• Question: On a scale of one to ten, how important do you think your job is and please explain why you think that.

    Asked by xxbradistanxx to Jamie, Jodie, Kat, Mark, Niamh on 18 Mar 2011 in Categories: .
    • Photo: Jamie Pringle

      Jamie Pringle answered on 16 Mar 2011:

      Hello xxbradistanxx,

      Nice to hear from you. I hope you enjoyed the live chats!

      Probably a 5 out of 10. Im training up the next generation of geoscientists, which I think is important, doing research which feeds into Police search teams and advise searchers, which hopefully will bring a result. Not the most important job in the world, but hopefully contributing something meaningful!

    • Photo: Niamh Nic Daeid

      Niamh Nic Daeid answered on 16 Mar 2011:

      Hi xxbradistanxx

      Of course I would have to say for a forensic science about 7 or 8

      The use of science to provide factual and reliable information to our criminal justice system is absolutely critical because if effects peoples lives in a very real way. That could be in providing evidence that proves someone committed murder, to providing the dignity of an identity to the dead.

    • Photo: Mark Hill

      Mark Hill answered on 17 Mar 2011:


      On a scale of 1 to 10. In comparison with doctors and those who save lives, I can only be a 1.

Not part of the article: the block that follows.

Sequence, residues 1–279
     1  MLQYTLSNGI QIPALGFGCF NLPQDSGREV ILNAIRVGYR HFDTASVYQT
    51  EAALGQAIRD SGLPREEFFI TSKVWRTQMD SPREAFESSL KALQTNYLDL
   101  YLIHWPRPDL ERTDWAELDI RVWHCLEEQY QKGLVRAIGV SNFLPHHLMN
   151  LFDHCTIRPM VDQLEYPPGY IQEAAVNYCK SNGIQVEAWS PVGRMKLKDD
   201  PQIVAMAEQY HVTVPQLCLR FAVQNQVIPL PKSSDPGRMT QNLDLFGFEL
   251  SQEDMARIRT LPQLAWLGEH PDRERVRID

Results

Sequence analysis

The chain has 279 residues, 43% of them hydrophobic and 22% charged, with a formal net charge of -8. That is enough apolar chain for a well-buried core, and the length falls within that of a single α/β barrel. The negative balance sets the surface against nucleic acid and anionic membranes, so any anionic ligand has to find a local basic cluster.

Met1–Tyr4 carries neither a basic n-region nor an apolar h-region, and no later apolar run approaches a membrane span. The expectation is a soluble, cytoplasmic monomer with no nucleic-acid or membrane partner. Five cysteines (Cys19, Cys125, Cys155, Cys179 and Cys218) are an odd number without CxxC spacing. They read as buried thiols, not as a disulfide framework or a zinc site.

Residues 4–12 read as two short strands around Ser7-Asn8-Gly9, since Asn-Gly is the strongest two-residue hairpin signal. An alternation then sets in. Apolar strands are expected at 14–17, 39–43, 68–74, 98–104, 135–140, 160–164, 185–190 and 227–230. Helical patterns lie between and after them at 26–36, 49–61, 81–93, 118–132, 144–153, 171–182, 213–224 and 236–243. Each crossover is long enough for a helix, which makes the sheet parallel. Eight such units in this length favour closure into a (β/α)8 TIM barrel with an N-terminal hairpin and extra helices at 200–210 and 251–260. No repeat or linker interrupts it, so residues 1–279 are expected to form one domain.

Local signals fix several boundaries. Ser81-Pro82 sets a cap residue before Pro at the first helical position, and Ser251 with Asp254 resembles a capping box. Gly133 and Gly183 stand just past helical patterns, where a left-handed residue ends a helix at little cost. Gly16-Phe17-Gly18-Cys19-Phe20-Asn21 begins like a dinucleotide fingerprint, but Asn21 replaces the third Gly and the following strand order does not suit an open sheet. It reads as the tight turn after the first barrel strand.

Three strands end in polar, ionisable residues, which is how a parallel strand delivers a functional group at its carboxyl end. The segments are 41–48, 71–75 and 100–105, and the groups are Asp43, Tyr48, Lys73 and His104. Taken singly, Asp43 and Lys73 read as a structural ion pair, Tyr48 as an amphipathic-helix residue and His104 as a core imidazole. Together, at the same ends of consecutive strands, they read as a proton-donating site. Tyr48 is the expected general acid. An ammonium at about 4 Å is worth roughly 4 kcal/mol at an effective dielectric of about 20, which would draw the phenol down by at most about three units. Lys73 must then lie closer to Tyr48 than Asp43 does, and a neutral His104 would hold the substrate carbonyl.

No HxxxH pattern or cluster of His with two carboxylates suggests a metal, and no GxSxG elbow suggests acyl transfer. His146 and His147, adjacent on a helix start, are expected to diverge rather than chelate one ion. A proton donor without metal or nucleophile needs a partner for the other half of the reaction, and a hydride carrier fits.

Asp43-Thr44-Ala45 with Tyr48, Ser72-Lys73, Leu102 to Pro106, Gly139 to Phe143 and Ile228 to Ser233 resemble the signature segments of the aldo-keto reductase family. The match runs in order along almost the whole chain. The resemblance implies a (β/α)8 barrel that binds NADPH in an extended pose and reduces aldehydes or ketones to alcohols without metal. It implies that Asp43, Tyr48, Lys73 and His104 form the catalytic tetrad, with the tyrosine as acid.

In science, I may feature slightly higher, but certainly not on the same level as my fellow ‘Zonies’ in this room.

      For society, I hope that my investigations can identify the causations of crashes and, in turn, help to make the roads safer. For example, where I may find that a road layout, a bend, or a junction may have been a contributory causation factor in a collision, then my findings may be used to change the road to try and prevent another, possibly fatal, crash at that point.

      I may find a mechanical fault in a car, which the manufacturer needs to redesign. This may ultimately save lives, but we never really know. However, I consider that is important. My job is necessary to prevent accidents in the future and the law requires that all fatal collisions are effectively and thoroughly investigated, so I may move higher up the scale.

      I hope that I have put my role into context.

      Thank you. Mark.

    • Photo: Katherine Davies

      Katherine Davies answered on 18 Mar 2011:


      I think my job would be rated 10 on the importance scale. Without forensic entomology (using insects to determine time since death), there would be many criminals still on the loose. Insects are the most reliable method in determining time since death after 48-72 hours after death, so they can be used to help tie suspects to a scene at a specific time, i.e. when the person died. Insects are crucial evidence!